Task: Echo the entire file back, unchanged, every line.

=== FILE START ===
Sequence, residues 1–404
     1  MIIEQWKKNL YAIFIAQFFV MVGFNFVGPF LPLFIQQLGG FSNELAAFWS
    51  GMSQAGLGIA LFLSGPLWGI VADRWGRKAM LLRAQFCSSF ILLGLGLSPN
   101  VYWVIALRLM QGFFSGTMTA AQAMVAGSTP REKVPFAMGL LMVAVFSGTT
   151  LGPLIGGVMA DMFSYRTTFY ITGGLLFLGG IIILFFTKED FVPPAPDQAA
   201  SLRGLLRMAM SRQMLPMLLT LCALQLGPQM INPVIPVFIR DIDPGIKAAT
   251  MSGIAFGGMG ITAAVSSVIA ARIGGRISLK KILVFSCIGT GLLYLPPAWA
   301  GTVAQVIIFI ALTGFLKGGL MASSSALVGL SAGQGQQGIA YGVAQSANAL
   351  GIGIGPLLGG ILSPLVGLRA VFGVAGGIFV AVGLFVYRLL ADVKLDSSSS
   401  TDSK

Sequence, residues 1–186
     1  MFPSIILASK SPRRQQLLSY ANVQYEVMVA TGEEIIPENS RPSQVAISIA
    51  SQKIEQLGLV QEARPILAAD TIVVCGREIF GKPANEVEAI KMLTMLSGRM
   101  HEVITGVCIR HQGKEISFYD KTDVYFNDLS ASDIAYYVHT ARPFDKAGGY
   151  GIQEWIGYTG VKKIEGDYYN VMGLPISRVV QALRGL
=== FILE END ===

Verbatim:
Sequence, residues 1–404
     1  MIIEQWKKNL YAIFIAQFFV MVGFNFVGPF LPLFIQQLGG FSNELAAFWS
    51  GMSQAGLGIA LFLSGPLWGI VADRWGRKAM LLRAQFCSSF ILLGLGLSPN
   101  VYWVIALRLM QGFFSGTMTA AQAMVAGSTP REKVPFAMGL LMVAVFSGTT
   151  LGPLIGGVMA DMFSYRTTFY ITGGLLFLGG IIILFFTKED FVPPAPDQAA
   201  SLRGLLRMAM SRQMLPMLLT LCALQLGPQM INPVIPVFIR DIDPGIKAAT
   251  MSGIAFGGMG ITAAVSSVIA ARIGGRISLK KILVFSCIGT GLLYLPPAWA
   301  GTVAQVIIFI ALTGFLKGGL MASSSALVGL SAGQGQQGIA YGVAQSANAL
   351  GIGIGPLLGG ILSPLVGLRA VFGVAGGIFV AVGLFVYRLL ADVKLDSSSS
   401  TDSK

Sequence, residues 1–186
     1  MFPSIILASK SPRRQQLLSY ANVQYEVMVA TGEEIIPENS RPSQVAISIA
    51  SQKIEQLGLV QEARPILAAD TIVVCGREIF GKPANEVEAI KMLTMLSGRM
   101  HEVITGVCIR HQGKEISFYD KTDVYFNDLS ASDIAYYVHT ARPFDKAGGY
   151  GIQEWIGYTG VKKIEGDYYN VMGLPISRVV QALRGL